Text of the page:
March 29, 2017
The cover said “counting book” so I was expecting one brick, two bricks, etc. That’s not what I got at all.
Look at ll the bricks!
Red and rough, hard and tough.
Whether counting in twos or tens, there is always a pattern to the numbers even if it isn’t one, two, three.
But this isn’t just a numbers book. It is also all about bricks, from how they are made to the variety if building projects that take shape when bricks are stacked or laid side by side.
The rhyming text makes the book a great read aloud while the illustrations are going to appeal to Lego makers and kids who love patterns. The structures start out simple but grow increasingly complex. But there’s more to spot in the illustrations than that. Readers are also encouraged to look closely at the people involved in the construction. On each spread, a boy in a hard hat, a pony-tailed woman, and a man in green overalls take part in the hard work involved in constructing a city.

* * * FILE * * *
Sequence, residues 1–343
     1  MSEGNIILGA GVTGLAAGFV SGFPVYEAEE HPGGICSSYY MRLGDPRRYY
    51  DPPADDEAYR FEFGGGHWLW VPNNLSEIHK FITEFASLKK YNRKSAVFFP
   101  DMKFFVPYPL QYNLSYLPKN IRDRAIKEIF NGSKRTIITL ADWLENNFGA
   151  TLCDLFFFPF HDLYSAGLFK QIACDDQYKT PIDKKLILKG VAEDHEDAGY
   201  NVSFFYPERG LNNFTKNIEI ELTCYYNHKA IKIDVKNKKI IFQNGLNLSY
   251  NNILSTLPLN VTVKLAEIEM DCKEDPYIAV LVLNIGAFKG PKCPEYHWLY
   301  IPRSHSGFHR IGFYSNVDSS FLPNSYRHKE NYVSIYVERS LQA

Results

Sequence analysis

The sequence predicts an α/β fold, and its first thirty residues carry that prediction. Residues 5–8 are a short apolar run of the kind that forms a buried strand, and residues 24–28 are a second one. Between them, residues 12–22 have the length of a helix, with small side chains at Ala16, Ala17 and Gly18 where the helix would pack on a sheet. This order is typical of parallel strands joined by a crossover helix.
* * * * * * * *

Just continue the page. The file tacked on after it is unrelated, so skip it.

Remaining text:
Just as bricks build on one another in the structures, so the illustrations and text build this carefully conceived story about bricks and building, numbers and hard work.
This book will work well at story time, followed by clay play or block building. Discussing cities with your class? Then share this book as part of the classroom experience. Or share it with your own young reader who loves the play of rhythm and rhyme. Simple enough for younger readers but with a layered experience that will hold the attention of slightly older book lovers, this is a book with kid appeal.